A number of liberals, distrustful of the centrists’ commitment to the larger social spending bill, are demanding that the $3.5 trillion package be passed before they’ll support the more popular infrastructure plan. Rep. Pramila JayapalPramila JayapalProposals to reform supports for parents face chopping block Democrats see light at end of tunnel on Biden agenda Democrats jostle over health care priorities for scaled-back package MORE (D-Wash.), head of the influential Progressive Caucus, has said there are almost 50 members of the group prepared to oppose the public works bill to keep the pressure on the moderates to back the “family” package.
Republicans, meanwhile, oppose the $3.5 trillion package unanimously, and they’re lining up to oppose the bipartisan infrastructure proposal — not because they reject the policy, but to curb any momentum behind the larger bill. Rep. Steve ScaliseStephen (Steve) Joseph ScaliseThe 9 Republicans who voted to hold Bannon in contempt of Congress Hillicon Valley — Presented by Xerox — US cracks down on tools for foreign hacking House passes bills to secure telecommunications infrastructure MORE (La.), the Republican whip, announced Wednesday that they’re encouraging GOP lawmakers to vote no.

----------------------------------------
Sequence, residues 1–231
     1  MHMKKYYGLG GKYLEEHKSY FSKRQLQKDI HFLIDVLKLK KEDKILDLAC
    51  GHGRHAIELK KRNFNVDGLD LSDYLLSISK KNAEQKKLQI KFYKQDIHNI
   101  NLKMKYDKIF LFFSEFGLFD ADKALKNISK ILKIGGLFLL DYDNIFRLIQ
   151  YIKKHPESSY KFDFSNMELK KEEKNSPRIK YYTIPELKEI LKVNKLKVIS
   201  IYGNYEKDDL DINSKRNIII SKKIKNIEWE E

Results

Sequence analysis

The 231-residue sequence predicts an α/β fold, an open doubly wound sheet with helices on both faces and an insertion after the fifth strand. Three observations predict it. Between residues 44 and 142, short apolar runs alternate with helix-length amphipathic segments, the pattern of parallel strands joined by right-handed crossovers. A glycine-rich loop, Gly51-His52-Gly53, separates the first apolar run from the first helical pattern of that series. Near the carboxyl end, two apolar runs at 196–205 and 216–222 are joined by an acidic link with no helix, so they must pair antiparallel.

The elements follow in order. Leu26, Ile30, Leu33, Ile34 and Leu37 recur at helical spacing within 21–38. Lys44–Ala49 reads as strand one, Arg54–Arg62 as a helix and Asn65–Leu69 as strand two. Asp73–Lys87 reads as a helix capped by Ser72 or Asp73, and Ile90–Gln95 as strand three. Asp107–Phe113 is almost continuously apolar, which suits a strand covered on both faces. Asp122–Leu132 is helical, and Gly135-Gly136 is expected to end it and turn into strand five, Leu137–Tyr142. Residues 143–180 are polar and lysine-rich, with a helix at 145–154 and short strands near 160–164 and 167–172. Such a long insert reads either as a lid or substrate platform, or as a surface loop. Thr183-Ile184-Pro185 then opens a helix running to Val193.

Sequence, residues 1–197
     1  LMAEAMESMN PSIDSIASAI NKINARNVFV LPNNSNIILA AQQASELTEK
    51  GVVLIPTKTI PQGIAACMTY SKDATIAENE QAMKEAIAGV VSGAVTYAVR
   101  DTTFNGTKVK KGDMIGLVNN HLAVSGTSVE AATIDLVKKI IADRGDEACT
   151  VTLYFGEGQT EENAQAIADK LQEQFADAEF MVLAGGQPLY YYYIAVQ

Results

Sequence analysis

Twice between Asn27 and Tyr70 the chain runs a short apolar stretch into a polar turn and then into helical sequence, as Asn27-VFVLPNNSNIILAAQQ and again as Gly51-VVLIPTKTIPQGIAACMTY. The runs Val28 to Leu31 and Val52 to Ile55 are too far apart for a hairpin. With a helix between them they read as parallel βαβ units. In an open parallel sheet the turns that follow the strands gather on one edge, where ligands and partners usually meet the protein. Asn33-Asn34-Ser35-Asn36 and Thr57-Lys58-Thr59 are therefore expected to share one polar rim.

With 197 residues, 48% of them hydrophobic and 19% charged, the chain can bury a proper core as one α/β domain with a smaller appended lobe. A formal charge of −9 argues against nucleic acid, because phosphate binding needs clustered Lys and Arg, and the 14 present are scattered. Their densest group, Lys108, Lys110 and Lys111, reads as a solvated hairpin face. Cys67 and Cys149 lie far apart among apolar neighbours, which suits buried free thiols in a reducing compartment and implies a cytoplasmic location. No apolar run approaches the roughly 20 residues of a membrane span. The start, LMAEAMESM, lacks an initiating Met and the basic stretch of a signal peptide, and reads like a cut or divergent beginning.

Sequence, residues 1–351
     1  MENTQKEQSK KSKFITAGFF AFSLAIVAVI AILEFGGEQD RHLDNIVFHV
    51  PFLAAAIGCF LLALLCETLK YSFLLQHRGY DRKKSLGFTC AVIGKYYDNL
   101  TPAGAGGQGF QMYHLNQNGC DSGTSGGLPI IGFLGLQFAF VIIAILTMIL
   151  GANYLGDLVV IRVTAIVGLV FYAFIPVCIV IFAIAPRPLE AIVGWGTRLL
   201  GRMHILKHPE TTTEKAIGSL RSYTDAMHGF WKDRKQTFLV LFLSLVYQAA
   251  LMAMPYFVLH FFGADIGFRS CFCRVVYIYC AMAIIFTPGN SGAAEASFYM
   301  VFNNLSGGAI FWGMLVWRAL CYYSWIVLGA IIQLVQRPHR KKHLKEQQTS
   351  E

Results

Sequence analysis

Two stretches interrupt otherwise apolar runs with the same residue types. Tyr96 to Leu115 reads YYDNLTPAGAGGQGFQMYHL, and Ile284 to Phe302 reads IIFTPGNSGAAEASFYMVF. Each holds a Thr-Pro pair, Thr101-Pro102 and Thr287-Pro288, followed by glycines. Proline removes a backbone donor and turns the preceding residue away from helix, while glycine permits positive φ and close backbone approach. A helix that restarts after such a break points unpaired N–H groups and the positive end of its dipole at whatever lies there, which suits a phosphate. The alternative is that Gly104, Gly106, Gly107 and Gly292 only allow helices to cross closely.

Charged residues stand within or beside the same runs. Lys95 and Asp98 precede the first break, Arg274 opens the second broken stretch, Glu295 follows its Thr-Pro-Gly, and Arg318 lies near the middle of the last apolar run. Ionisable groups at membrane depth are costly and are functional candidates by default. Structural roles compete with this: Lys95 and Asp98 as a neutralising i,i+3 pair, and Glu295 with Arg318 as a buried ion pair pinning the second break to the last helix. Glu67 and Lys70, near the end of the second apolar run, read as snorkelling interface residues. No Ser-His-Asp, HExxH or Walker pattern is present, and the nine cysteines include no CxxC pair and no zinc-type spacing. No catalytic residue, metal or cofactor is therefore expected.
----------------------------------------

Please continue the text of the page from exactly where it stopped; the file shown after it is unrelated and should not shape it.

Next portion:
“There is no question that Republicans vehemently oppose the reckless policies included in the reconciliation bill and Speaker Pelosi’s legislative strategy solidifies that a vote for the infrastructure bill paves the way for passage of reconciliation,” reads the notice from Scalise’s office. “Republicans should not aid in this destructive process.”